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You will go through the process of science, learning how statistics is applied to a study of saguaros.### Statistics

OBSERVATION

- Saguaros seem to occur in different numbers on the north versus south slope of Gates Pass.

Gates Pass

www.gamineral.org/t04-gates_pass.html

RESEARCH QUESTION

- Based on the observation that saguaros seem to occur in different numbers on the north and south slopes of Gates Pass:What descriptive question (versus causal question) could you ask?
- Descriptive: Is saguaro density affected by whether the slope faces north versus south? Only requires a count to answer.
- Causal: Why is saguaro density affected by whether the slope faces north versus south? Requires controlled studies of many factors to answer.

LITERATURE REVIEW

- Not needed to come up with the multiple hypotheses for this question because it is a descriptive question – there either is not an effect or there is an effect of slope direction on saguaro density.

MULTIPLE HYPOTHESES

First, what is the null hypothesis (H0) – the one that states that there is not a cause and effect relationship?

- H0: Saguaro density is not affected by whether the slope faces north versus south.

Second, what are the alternative hypotheses (H1 and H2 in this case)?

- H1: Saguaro density is greater on the north-facing slope.
- H2: Saguaro density is greater on the south-facing slope.

DEDUCTIONS

- What evidence would you need to be convinced each hypothesis is correct or incorrect?
- In other words, By how much would the densities have to differ for you to be convinced that the direction of the slope affects saguaro density?
- We will come back to this later…but in “real life” you are supposed to come up with deductions before collecting any data.

TESTS: Three Data Sets

Imagine that these are three possible sets of data that you could have collected by counting saguaros on a north and south slope. Note that I have kept the total number of saguaros the same (200) for each data set.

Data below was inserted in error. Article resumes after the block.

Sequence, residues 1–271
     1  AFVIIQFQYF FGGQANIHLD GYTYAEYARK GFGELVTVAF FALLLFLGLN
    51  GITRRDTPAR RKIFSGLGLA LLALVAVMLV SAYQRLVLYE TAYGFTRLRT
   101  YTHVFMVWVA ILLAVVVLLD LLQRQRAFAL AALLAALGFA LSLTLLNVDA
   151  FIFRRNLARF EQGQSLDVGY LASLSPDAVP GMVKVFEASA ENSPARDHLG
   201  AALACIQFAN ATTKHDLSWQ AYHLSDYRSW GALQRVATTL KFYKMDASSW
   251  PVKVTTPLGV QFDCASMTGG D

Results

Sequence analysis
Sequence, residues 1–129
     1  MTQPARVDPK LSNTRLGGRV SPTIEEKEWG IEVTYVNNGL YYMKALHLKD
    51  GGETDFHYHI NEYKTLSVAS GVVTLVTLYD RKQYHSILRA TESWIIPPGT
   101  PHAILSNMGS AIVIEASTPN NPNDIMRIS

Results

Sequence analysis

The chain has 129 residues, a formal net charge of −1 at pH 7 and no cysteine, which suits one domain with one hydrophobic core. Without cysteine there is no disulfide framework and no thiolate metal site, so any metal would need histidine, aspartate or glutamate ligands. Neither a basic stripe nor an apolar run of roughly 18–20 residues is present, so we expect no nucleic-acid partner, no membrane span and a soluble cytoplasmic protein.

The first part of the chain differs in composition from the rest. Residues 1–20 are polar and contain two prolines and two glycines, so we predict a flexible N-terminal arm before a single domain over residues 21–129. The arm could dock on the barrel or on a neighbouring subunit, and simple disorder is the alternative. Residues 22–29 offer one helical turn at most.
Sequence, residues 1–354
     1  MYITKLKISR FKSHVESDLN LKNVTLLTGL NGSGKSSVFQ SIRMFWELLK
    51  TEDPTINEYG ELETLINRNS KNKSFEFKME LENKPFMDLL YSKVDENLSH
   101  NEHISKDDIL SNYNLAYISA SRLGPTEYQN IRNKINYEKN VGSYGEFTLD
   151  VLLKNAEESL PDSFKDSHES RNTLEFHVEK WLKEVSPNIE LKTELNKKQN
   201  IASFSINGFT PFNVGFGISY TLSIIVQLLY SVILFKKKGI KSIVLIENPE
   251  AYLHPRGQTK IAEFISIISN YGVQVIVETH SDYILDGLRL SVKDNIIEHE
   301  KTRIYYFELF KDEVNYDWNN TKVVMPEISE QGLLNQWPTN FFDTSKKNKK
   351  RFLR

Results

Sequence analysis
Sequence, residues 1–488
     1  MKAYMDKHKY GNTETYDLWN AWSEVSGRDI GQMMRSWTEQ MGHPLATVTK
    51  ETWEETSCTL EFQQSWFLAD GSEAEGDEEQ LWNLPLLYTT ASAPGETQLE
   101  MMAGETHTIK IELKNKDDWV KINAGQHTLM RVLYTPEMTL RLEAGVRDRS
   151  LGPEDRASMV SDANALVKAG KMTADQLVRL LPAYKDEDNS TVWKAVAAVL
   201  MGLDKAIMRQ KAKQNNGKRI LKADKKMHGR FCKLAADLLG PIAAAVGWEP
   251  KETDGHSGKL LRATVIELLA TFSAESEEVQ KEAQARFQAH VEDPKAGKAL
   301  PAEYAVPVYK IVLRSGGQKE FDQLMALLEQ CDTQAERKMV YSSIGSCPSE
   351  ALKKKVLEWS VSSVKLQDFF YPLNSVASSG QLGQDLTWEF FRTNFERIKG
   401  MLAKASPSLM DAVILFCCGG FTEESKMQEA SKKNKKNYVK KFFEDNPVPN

TESTS: THREE EXAMPLES

Here are the same data displayed in a bar graph

TENTATIVE CONCLUSION

- For each data set (A-C) did the evidence convince you that the differences in densities were significant enough to warrant ruling out the null hypothesis (that the distribution of saguaros on the two slopes was just random) and tentatively concluding that slope did affect saguaro density?

TENTATIVE CONCLUSION

p=probability this would happen randomly?

Perhaps it would help to know what the chance is that the distribution is random?

p=?%

p=?%

p=?%

TENTATIVE CONCLUSION

But how do we determine the probability that the distribution is random?

STATISTICS

STATISTICS

- If you are comparing counts, then use the chi (pronounced kie) square test.
- Example: count of saguaros on two slopes.
- If you are comparing averages, then use the t-test.
- Example: comparing average height of saguaros on two slopes.

Chi-Square Test

- You compare the actual counts to what the expected count would be if the distribution was random.
- In our case, with a total of 200 saguaros counted on both slopes, what would the expected distribution be if they were distributed perfectly random?

Chi-Square Test

- The chi-squared test tells you the probability that the difference between observed and expected occurred by chance.

TENTATIVE CONCLUSION

p=probability this would happen randomly

Using my Excel file online, you would come up with these probabilities.